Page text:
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Ceremonies to mark World Day of Remembrance for Road Traffic Victims

Road crashes kill 1.2 million people every year and injure or disable as many as 50 million more. They are the leading cause of death among young people between 10 and 24 years. The World Day of Remembrance - the third Sunday of November each year - draws attention to the devastating consequences of these deaths and the need for action.

This year a number of events are being planned by victims' associations and other groups. The events on and around 18 November include:

  • In various countries, through an activity called "Remember and Reflect", candles will be lit in public spaces and private homes across many continents in honour of those killed. As the light vanishes on one continent, it will be kindled on another.
  • In various countries, through an activity called "Remember and Respond", activists will work with local authorities to achieve a "day without road crashes", when concerted effort will be taken to promote the use of seat-belts and helmets; speed reduction; drink driving avoidance; and enforcement of legislation around these issues.
  • In Australia, the Road Trauma Support Team in Victoria will host the annual “Time of Remembrance,” a multi-faith gathering for all those affected by injury or bereavement as a result of a road traffic crash. The ceremony will be held at Parliament House in Melbourne.
  • In Israel, the National Authority for Road Safety and several nongovernmental organizations are conducting candlelight parades and gatherings to honour road crash victims.
  • In Japan, there will be a memorial service in Tokyo followed by a seminar during which discussions will focus on how to prevent further victimization of survivors trying to navigate the criminal justice system.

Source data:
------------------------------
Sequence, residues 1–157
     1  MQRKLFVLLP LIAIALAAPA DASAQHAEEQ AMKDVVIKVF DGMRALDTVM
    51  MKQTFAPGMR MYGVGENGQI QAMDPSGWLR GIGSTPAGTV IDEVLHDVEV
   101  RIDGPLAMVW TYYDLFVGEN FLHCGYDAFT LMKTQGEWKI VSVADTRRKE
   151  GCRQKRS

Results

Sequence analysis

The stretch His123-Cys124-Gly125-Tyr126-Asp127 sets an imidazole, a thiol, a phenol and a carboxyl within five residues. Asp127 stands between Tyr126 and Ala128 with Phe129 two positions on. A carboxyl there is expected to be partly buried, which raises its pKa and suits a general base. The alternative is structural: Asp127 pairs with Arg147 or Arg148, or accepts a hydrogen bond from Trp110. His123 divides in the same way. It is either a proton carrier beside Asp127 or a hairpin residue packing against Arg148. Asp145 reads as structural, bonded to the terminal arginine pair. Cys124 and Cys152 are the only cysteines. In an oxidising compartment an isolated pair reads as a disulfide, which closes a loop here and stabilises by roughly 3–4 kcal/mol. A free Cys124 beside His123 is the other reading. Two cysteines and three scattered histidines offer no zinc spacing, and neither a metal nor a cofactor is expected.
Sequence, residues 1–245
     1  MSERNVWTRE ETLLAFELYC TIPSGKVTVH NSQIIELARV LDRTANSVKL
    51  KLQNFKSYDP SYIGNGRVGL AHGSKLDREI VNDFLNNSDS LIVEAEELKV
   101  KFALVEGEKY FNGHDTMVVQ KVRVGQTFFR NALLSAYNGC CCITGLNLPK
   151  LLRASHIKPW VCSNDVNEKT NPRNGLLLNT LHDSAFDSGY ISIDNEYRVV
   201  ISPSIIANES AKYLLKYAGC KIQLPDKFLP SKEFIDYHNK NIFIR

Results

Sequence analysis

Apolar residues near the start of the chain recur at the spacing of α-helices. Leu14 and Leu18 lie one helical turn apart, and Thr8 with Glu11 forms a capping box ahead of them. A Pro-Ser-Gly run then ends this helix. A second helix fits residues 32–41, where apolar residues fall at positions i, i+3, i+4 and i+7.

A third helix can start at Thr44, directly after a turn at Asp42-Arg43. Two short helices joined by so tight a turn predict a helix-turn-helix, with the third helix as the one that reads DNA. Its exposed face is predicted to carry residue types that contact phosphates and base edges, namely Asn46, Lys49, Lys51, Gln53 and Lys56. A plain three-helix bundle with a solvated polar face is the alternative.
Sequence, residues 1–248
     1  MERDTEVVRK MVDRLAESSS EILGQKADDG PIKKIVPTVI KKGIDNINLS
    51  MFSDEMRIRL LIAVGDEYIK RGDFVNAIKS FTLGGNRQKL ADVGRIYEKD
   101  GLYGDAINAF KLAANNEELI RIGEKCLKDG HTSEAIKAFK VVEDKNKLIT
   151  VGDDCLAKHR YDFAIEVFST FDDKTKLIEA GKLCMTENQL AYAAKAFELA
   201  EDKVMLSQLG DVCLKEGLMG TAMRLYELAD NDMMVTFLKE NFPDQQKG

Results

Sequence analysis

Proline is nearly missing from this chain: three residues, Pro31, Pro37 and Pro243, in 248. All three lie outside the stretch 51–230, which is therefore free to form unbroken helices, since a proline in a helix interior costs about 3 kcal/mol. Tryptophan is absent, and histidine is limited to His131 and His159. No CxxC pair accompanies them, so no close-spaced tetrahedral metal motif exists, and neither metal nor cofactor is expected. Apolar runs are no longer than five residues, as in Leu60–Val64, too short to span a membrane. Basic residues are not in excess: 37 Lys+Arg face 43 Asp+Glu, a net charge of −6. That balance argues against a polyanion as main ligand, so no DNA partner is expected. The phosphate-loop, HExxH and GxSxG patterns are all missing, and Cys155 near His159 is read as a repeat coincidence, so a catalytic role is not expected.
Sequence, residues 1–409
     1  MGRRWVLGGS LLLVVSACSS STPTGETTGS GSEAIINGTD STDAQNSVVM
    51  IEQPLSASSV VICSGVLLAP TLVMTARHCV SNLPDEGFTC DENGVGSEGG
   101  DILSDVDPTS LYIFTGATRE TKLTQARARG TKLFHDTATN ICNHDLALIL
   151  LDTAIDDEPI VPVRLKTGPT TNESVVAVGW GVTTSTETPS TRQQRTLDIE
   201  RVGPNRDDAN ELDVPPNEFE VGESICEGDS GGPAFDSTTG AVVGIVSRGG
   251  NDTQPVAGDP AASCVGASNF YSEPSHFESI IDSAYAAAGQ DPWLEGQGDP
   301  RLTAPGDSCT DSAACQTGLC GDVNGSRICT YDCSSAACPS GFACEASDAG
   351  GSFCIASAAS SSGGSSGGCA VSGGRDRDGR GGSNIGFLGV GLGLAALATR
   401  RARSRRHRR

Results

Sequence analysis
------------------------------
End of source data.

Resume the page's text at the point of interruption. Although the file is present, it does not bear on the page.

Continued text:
• In Kenya, the national office of the Association for Safe International Road Travel (ASIRT) is coordinating candlelight services with testimonies from victims and families.
  • In Mexico, the National Center for the Prevention of Accidents and others are supporting testing of blood alcohol content, vehicle inspections and public service campaigns involving theatre performances and photo and art exhibits. More than 7000 university students are expected to participate in related events across six campuses.
  • In Nigeria, Safety Alliance will use the occasion to send its members to different locations across the country to raise awareness about road traffic crashes and ways to prevent them.
  • In South Africa, Drive Alive is supporting candlelight ceremonies in churches in several locations.
  • In the United Kingdom, under the auspices of RoadPeace, more than 40 religious services will be held in places of worship around the country.
  • In the United States, a briefing will take place on Capitol Hill in Washington, DC, sponsored by the Congressional Caucus on Global Road Safety and ASIRT.

The World Day of Remembrance for Road Traffic Victims was designated by the United Nations General Assembly in 2005 as acknowledgement for victims of road traffic crashes and their families.

For more information contact:

Laura Sminkey
Communications Officer
Department of Injuries and Violence Prevention
Telephone: +41 22 791 4547
E-mail: sminkeyl@who.int


Other World Days of Remembrance :

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